The Irony of Objects (first try)

1 Language is always ironic.
  1.1 Language always refers to something outside of itself.
  1.2 This referent is a different thing to the word.

-Apologies for the numbered, bullet pointed, Wittgenstein (via Tolstoy) style listing. It felt like the easiest way to do it.
-My keyboard's space bar is partially broken, if I don't push down hard enough I get huge run-on words with no gaps as though I were making a compundGermannoun.
-In the coffee shop (a new franchise in the town where my parents live. Bad coffee, good cakes, staff who are happy to have a job), I explained all this, and she said, 'Maybe that's why language is ironic, because objects are.' and that is a better explanation than everything else you'll read here.

2 Language is essentially ironic.
  2.1 Its essence is to have no meaning in itself.
    2.1.1  Or, its in itself meaning is veiled behind its referential meaning, which exists outside of language, in the things it refers to.
      2.1.2 Also, it does not mean anything to itself. Its referential meaning, that which we (as its users) regard as it's real or functional meaning is lost to the words themselves. They do not experience themselves as ironic.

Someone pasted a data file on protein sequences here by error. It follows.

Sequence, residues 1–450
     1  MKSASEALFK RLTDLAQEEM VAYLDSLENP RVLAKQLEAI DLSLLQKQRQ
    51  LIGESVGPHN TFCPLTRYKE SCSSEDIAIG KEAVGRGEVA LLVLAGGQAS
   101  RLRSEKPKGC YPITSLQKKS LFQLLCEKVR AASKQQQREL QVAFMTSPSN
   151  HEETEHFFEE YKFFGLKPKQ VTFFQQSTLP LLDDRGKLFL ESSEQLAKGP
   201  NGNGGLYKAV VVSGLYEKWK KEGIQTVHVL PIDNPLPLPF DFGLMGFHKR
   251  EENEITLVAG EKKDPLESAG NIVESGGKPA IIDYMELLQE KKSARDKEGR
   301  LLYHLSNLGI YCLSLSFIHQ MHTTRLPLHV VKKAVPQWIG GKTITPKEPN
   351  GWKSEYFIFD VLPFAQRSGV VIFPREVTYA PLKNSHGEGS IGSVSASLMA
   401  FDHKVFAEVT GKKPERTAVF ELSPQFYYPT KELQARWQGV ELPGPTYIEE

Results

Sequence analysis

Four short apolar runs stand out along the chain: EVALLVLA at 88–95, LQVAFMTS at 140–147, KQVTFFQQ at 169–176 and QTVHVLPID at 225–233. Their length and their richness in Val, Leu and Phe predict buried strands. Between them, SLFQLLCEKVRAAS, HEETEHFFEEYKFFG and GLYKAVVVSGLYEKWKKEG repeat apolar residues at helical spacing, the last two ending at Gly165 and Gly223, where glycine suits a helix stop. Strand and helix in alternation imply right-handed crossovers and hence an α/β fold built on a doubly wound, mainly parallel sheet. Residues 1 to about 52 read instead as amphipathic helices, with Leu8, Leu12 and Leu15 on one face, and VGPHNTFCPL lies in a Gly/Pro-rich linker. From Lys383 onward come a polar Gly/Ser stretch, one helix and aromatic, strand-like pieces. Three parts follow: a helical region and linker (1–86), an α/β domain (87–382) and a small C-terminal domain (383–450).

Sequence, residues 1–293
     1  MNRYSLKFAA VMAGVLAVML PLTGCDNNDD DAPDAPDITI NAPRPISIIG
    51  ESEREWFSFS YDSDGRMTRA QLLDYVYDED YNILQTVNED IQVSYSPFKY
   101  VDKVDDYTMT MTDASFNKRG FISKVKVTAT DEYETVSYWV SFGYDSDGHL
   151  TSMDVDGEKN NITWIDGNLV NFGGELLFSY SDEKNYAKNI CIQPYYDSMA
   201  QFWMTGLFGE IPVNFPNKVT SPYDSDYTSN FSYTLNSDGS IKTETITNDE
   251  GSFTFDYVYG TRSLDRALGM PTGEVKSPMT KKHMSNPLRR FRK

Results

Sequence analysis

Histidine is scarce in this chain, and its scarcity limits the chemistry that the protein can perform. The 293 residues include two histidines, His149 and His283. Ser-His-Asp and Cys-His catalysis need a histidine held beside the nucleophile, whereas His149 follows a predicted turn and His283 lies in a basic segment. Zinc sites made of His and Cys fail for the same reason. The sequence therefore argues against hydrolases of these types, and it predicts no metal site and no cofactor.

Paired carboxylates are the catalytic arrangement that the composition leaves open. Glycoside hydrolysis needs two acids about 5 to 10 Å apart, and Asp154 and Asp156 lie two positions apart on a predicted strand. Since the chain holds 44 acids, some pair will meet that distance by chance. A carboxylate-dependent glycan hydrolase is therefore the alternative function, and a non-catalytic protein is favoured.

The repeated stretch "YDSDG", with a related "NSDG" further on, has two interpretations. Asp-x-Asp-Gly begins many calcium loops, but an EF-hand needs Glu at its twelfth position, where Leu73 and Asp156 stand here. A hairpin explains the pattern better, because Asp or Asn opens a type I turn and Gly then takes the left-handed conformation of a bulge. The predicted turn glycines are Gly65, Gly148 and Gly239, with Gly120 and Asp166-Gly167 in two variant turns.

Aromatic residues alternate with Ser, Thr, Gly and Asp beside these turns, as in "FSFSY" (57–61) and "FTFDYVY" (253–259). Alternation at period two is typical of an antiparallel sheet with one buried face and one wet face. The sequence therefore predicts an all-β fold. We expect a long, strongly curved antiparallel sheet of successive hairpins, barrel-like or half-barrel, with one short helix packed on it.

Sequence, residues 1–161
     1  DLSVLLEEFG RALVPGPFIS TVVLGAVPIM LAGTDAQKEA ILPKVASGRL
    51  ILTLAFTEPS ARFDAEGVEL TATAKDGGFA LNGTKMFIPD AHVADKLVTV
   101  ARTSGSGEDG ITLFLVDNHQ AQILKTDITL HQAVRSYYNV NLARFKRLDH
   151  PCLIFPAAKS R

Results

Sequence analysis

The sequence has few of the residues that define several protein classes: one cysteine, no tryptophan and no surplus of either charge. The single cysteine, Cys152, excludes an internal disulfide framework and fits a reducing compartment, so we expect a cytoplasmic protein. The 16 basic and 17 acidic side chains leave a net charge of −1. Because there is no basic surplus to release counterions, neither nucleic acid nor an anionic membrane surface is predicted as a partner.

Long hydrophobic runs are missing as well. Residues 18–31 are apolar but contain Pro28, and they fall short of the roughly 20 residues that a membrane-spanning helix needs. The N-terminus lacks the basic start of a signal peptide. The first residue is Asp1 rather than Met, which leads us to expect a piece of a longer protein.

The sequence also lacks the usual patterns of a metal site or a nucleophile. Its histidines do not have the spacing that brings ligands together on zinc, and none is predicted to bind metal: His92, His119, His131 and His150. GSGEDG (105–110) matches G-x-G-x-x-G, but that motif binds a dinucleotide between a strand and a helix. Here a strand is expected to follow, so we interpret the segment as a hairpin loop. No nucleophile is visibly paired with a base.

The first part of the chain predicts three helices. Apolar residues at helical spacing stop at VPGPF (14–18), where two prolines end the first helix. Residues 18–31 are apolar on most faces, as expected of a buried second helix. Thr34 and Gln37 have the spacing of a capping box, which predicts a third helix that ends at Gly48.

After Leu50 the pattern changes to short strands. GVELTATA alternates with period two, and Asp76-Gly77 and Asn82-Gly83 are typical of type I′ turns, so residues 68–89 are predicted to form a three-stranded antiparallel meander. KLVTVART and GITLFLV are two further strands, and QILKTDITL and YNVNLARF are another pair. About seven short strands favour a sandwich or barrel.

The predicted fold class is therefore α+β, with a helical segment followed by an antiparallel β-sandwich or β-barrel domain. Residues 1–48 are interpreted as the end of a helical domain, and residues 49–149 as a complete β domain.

-But writing this stuff down is hard, I feel fuzzy today. When do I not feel fuzzy? Apparently mathematicians peak in their late twenties. I'm not a mathematician, but I'm in my late twenties! Am I peaking? Is this what peaking feels like?
-That's why I am writing in these stupid bullet points, like I can somehow enforce order on my thoughts.
-My thoughts, which move faster than I can write, thoughts which move faster than I can put them together, thoughts which move faster than I can think.
-Thoughts which by their nature don't let me me think, are muddled between thoughts and thoughts about those thoughts; thoughts about things here and things away from here; things real and unreal; things concrete and infinite.

3 Language is hidden from itself
  3.1 To talk about language's meaning is to already assume that language has meaning.
  3.2 Language doesn't have the tools to analyse itself.
  (3.3 In fact, everyday language often doesn't have the tools to analyse lots of things.
    3.1.1 Which is why technical languages spring up where everyday language fails.
      3.1.2 We could say here that when everyday language fails, it falls back and becomes only itself, its meaning fails to refer to the thing we wish to describe.)

-I told you it was easier if we just left it with what she said in the overpriced coffee shop in the town where my parents live.
-All I really wanted to write is that I have been thinking about how language is always ironic, and how Object Oriented Ontology talks about objects as being removed from one other, and their essential characteristic as being more than the characteristics that can be experienced by other objects, and then I said this to her and she said, 'Maybe that's why language is ironic, because objects are.'